Suzie used her left foot to hold a paint brush and created amazing works of art

By Robert Airoldi

Robert Airoldi

Hope comes from many sources like Suzie Tabata, a talented artist born with cerebral palsy who spent time during her life as a client of Hope Services. In her memory, the Tabata Living Trust recently made a donation of nearly half-a-million dollars to the nonprofit.

With unstoppable perseverance, Suzie pursued her interests and creative outlets with passion. She learned to type with her toes and to communicate through a word processor, and she learned to use sign language.

Art is where Suzie truly shined. She used her left foot to hold a paint brush and created amazing works of art.

Sue Bell, director of human resources at Hope Services, has a piece titled “Fluffy and Zeek,” named after Suzie’s pets. “The art was made by Suzie when she was my client many years ago,” she said. “I cherish it and continue to proudly display it.”

Suzie’s parents, Janet Tabata and Flyer Crata, had been long time donors to Hope Services and included the organization in their giving.

“We are profoundly grateful to them and the Tabata Living Trust for this generous donation which will be especially impactful as we recover from the global health crisis during which time we continue serving clients,” said Chip Huggins, president/CEO of Hope Services.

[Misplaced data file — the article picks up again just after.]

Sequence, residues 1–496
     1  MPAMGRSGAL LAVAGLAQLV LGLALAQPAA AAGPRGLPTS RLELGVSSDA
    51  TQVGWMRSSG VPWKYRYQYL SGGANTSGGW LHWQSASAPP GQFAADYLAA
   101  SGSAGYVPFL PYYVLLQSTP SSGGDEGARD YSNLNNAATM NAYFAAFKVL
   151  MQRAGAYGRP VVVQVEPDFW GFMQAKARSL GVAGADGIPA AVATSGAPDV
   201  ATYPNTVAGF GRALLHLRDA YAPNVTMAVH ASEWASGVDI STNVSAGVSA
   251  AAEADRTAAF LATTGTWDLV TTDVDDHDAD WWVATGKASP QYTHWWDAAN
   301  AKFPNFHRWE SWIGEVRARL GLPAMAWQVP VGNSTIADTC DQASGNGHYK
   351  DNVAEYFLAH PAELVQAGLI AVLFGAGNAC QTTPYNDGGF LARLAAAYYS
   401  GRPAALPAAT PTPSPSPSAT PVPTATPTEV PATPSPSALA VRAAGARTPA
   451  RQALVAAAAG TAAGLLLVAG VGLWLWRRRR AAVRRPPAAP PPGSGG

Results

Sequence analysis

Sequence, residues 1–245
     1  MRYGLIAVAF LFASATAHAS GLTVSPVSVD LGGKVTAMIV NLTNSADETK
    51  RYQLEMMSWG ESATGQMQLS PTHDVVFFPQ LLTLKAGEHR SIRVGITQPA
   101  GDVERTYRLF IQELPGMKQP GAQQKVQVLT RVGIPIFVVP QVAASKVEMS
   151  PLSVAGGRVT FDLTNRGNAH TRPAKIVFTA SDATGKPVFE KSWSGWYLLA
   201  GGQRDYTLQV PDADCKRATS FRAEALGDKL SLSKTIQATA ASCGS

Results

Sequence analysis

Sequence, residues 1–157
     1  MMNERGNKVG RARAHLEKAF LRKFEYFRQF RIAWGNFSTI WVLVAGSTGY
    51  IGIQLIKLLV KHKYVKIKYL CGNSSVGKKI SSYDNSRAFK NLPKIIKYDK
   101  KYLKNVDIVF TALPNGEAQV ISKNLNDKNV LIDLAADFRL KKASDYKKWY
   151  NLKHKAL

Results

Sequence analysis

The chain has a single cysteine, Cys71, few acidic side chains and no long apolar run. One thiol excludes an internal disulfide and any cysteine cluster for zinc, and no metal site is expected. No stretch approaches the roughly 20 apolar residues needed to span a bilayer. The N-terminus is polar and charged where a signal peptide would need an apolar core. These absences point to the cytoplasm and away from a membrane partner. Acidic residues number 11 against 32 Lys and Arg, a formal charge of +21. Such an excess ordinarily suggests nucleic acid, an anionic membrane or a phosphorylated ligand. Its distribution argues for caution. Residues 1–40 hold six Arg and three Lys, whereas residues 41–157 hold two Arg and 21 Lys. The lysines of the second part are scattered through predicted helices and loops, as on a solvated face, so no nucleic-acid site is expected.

When California’s shelter-in-place order in mid-March forced Chabad South County Jewish Center to pause their regular programming, they understood the need to adapt to the community’s unique needs during these times.

They canceled their community Passover Seder and moved weekly adult education classes to Zoom. They then reached out to local seniors and home-bound families, offering their assistance and a helping hand.

“There are many people here who were isolated without family or other support,” said Chabad’s director Rabbi Mendel Liberow. “And we found that many people were feeling alone. But that’s what Chabad is about, being there for the Jewish community in a time of need.”

They began with check-up calls